Watt Communities has worked with Mitchell in the past, purchasing property from him on Antelope Road in order to build the recently completed 46-home AutumnWood development in Citrus Heights, near Interstate 80. Webb said discussions with Mitchell about the project began about a year ago, with the proposal officially being submitted to the city last month.

Colleen McDuffee, planning division manager for the city, said the proposal is in its early stages and will need a full environmental impact report. She estimated the city council voting on the project “probably in 2018.”

Addressing a handful of questions raised by residents at a neighborhood meeting at city hall earlier this month, Webb said the development would not include low-income housing, although he said prices would be “affordable.” McDuffee also confirmed the city does not have low-income housing requirements for new developments in Citrus Heights.

Other questions included “where are the grandkids going to park?” “what if there was a fire?” and if the units would be so close you could “reach your hand out and touch the next house.”

Webb said spacing between homes would differ from lot to lot, with the goal to “make more use out of less space” without becoming too crowded. He later told The Sentinel that density is planned for 8 to 13 units per acre, while in comparison he’s built up to 18 units per acre — which he said becomes too dense.

For parking, Webb said the development is planned for one-and-a-half parking spots per unit, meaning a 30-unit community would have 45 parking spots at the street — in addition to two garage spaces.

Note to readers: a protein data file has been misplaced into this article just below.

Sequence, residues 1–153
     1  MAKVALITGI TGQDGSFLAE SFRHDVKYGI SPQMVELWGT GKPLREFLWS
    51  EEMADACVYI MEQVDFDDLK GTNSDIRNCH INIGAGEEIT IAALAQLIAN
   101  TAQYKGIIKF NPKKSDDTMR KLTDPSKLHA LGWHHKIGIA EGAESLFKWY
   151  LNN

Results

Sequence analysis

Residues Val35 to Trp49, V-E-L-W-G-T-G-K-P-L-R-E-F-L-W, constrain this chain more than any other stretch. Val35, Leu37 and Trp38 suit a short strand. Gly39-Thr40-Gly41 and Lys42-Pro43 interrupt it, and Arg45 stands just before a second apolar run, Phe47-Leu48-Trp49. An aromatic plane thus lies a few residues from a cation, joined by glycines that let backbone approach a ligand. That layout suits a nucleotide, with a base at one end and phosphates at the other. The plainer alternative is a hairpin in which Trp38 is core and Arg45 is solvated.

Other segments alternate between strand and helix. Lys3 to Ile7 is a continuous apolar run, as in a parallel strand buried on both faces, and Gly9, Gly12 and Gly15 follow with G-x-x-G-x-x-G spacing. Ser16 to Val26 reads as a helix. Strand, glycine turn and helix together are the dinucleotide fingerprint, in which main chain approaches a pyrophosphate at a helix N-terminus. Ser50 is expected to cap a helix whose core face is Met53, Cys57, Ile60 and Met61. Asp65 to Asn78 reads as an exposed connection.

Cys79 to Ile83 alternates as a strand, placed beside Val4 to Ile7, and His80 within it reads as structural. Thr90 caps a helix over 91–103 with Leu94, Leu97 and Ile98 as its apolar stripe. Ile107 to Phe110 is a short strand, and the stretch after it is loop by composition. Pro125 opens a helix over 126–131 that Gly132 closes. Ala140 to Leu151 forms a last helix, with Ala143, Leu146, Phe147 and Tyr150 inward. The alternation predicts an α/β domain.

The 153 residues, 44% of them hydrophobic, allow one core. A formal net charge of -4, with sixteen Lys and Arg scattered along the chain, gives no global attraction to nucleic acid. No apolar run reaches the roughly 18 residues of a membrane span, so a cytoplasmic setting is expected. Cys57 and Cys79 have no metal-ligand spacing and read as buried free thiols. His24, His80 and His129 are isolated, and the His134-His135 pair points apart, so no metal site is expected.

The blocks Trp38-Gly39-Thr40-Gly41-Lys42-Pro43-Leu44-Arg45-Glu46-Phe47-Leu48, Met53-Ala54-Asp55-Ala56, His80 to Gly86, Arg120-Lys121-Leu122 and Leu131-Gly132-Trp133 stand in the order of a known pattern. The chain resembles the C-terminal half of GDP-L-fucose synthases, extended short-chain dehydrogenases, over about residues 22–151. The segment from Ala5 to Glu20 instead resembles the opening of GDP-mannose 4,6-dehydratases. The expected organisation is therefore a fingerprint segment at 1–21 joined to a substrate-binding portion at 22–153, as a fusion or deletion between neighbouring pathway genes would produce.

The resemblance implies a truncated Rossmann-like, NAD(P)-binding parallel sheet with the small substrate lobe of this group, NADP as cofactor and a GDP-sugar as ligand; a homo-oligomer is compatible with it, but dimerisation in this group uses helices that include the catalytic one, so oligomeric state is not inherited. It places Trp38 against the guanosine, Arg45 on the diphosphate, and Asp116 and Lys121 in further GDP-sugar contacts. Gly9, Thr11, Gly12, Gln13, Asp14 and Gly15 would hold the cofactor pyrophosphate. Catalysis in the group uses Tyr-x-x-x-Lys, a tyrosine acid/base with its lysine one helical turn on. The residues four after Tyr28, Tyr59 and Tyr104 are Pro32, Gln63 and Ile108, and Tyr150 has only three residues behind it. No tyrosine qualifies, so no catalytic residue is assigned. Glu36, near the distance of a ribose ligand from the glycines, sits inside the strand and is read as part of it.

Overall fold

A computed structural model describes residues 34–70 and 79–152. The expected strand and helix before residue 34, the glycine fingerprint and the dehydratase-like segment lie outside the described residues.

“We’re over-parking the project,” said Webb, comparing the development to some in Southern California with limited parking. “We’ve done it wrong before, so we want to be careful.”

Discussion was also made about a comment by Councilman Bret Daniels who said during the meeting he was concerned about the “riff-raff” associated with the bus stop on Arcadia Drive. He noted the proposal called for homes facing outward towards Arcadia with only a three-foot wall separating them from the street, rather than facing the homes away from the street.

Webb responded that facing the homes outward would “help prevent crime” and give a more welcoming look, rather than facing the homes inward and having a tall wall along the street — as is the case with the AutumnWood development on Antelope Road.

Asked about similarly designed communities in the area for comparison, Webb referenced KB Home’s Marquee development off Fair Oaks Boulevard. He also said AutumnWood has similar home elevations as the new proposal.

Webb said the project is currently at the community feedback stage and he expects the project will undergo significant changes prior to being presented to the planning commission.

Santa Monica-based homebuilder Watt Communities says it has closed escrow on a 22-home community on 6.2 acres in the unincorporated area of Sacramento County.

It’s the fourth Sacramento-area infill housing project landed by Watt this year.